Human neonates are occasionally treated with diuretics, and we investigated whether this causes a long-term enhancement of salt preference. Salt preference was examined in children aged 4-11 years. Twenty one of the children had received furosemide therapy as preterm neonates, and 24 were preterm neonates from the same ward that had no furosemide therapy. No differences were found between the two groups in preferred concentration of NaCl in soup, in consumption of salty items, and in blood and urine sodium and creatinine. However, in a tested subsample, fractional excretion of sodium (FE(Na)) was higher in the neonatally treated children, suggesting increased salt intake. Reported severity of morning sickness in the mother when pregnant with the child, the child's history of diarrhoea and vomiting and degree of dietary salt exposure were obtained by questionnaire. These variables also did not influence salt preference, or blood and urine sodium and creatinine, except for a correlation between dietary salt exposure and blood sodium concentration. We conclude that while the physiological evidence suggests increased salt intake in children treated neonatally with furosemide, more sensitive tests of salt preference at this age are required to reveal any influence early mineralofluid loss may have on salt preference in childhood.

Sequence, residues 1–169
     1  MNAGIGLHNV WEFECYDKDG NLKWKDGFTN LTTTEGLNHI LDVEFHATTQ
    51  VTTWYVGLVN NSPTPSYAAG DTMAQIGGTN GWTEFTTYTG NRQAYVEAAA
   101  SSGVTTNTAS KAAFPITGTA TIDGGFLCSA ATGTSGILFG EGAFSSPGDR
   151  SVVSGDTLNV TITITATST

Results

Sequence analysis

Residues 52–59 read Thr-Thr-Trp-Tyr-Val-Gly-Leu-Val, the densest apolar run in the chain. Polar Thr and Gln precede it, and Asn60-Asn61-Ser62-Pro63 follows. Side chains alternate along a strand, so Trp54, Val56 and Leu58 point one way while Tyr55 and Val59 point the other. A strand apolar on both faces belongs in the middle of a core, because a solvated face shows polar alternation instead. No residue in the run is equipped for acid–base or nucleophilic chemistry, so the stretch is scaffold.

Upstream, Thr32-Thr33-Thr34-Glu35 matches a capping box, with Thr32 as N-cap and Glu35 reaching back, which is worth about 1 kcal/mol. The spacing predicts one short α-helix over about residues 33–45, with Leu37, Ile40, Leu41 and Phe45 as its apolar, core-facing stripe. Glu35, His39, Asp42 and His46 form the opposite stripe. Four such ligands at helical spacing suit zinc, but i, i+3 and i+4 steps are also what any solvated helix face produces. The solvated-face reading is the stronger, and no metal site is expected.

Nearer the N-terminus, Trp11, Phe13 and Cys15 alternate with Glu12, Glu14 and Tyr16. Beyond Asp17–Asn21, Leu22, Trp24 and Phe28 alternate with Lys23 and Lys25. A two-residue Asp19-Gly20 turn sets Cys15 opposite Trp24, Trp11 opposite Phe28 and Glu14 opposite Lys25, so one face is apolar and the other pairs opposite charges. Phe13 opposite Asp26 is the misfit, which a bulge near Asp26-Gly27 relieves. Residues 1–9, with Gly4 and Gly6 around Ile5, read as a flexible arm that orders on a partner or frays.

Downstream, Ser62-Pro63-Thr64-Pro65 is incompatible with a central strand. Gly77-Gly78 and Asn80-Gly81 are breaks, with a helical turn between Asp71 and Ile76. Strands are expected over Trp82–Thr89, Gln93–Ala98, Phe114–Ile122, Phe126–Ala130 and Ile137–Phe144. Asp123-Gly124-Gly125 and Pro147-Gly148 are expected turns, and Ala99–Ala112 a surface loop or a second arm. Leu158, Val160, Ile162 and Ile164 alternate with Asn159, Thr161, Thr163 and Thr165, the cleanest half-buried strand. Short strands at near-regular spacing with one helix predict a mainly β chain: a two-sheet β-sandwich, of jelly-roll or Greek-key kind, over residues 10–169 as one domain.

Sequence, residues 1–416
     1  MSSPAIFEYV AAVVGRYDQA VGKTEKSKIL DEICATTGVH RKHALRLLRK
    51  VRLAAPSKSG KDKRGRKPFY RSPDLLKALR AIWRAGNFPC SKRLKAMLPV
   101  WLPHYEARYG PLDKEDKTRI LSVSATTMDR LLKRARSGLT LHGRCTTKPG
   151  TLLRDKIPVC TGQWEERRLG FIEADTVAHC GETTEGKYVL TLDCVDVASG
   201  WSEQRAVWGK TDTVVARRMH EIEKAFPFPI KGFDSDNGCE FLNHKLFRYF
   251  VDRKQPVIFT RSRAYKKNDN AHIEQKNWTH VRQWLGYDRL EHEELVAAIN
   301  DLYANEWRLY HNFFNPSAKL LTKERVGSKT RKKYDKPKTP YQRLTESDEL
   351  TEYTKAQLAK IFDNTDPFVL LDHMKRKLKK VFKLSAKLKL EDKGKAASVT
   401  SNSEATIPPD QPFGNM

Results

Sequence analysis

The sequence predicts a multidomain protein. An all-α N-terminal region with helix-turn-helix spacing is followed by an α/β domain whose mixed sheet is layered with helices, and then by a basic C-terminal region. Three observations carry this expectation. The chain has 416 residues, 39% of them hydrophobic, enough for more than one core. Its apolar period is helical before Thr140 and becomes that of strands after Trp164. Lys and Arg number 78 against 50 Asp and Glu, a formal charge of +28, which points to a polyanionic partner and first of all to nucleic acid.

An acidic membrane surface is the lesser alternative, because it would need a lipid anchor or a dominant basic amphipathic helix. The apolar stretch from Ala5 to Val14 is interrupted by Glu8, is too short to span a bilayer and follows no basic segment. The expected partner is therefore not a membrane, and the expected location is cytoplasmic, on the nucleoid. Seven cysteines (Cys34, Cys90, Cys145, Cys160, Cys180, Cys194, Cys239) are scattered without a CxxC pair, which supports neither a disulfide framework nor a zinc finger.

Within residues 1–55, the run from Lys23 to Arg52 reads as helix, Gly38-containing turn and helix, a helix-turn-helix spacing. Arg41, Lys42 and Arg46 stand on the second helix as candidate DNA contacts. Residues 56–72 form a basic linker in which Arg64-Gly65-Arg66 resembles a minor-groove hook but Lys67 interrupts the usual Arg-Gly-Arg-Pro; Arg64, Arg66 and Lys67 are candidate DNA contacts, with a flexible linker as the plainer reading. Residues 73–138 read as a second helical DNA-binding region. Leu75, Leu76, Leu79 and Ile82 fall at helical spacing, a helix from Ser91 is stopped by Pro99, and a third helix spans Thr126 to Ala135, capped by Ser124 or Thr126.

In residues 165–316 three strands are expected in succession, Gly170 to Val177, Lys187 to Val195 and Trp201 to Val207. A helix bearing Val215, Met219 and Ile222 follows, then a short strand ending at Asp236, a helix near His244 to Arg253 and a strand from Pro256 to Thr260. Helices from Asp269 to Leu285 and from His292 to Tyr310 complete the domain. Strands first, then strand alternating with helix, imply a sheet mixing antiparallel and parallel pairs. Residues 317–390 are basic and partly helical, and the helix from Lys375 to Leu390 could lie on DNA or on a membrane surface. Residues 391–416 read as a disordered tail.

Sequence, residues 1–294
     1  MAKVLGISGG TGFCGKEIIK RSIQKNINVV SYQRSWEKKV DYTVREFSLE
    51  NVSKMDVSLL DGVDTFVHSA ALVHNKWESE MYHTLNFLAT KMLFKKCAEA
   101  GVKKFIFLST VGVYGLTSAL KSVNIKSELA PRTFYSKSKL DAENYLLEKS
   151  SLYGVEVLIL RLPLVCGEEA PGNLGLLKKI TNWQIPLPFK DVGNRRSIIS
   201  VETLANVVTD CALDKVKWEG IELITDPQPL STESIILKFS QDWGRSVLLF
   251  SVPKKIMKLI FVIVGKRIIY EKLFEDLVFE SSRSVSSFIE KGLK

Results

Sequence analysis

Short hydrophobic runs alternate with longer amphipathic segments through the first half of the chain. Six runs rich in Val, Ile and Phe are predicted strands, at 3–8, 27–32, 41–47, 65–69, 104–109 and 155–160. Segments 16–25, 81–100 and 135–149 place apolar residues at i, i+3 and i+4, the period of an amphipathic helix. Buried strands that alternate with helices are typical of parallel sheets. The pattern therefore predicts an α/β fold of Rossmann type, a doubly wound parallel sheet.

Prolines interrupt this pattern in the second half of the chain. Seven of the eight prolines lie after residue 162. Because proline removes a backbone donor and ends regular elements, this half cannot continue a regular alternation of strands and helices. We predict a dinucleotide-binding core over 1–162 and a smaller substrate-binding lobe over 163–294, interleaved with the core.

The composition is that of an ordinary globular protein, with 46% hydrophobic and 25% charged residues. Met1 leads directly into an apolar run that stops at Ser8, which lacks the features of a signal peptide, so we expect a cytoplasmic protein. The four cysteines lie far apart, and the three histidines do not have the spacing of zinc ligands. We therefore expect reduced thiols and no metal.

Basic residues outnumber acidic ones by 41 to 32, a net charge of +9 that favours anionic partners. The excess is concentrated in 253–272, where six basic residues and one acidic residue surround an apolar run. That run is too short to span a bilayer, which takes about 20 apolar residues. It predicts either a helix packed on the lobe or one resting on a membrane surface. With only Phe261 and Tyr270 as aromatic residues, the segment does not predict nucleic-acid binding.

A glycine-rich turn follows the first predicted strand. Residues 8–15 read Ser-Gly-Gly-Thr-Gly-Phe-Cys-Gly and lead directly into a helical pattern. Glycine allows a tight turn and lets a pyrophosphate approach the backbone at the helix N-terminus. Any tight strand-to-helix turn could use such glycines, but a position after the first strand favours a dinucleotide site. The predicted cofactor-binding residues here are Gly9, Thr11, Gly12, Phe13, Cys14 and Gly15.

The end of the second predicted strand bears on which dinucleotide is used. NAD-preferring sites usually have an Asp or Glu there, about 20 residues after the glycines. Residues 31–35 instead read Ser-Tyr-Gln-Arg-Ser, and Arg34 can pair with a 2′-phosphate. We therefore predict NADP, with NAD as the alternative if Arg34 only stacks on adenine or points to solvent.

Bibliographical noteFunding Information:
We are very grateful to Dr Mohammed Mahajneh for his valuable advice and for collecting the blood samples, and to an anonymous reviewer for Appetite who suggested a detailed analysis of sodium excretion. Some of these data were presented at the 4th meeting of the Israel Society for Neuroscience, Eilath, 1995. Supported by USA–Israel Binational Foundation grant No. 89-00261 to Micah Leshem, Alan Epstein, and Eliot Stellar.
ASJC Scopus subject areas
- General Psychology
- Nutrition and Dietetics